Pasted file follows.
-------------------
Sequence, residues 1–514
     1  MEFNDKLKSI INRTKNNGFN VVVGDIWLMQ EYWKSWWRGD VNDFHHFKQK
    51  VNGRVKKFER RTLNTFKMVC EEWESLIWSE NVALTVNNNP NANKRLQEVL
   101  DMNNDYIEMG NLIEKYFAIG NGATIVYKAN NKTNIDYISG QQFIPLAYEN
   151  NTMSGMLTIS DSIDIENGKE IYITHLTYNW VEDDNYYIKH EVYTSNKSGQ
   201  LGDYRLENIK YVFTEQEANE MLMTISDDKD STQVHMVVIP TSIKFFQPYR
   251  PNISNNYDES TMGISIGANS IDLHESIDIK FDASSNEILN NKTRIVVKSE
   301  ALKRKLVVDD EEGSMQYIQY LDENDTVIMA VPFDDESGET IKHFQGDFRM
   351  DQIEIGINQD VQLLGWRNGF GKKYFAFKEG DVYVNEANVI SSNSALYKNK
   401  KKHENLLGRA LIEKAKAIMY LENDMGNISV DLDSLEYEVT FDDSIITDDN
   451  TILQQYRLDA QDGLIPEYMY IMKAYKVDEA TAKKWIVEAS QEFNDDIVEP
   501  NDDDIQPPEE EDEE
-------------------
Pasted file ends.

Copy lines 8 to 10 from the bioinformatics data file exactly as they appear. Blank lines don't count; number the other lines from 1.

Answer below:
   301  ALKRKLVVDD EEGSMQYIQY LDENDTVIMA VPFDDESGET IKHFQGDFRM
   351  DQIEIGINQD VQLLGWRNGF GKKYFAFKEG DVYVNEANVI SSNSALYKNK
   401  KKHENLLGRA LIEKAKAIMY LENDMGNISV DLDSLEYEVT FDDSIITDDN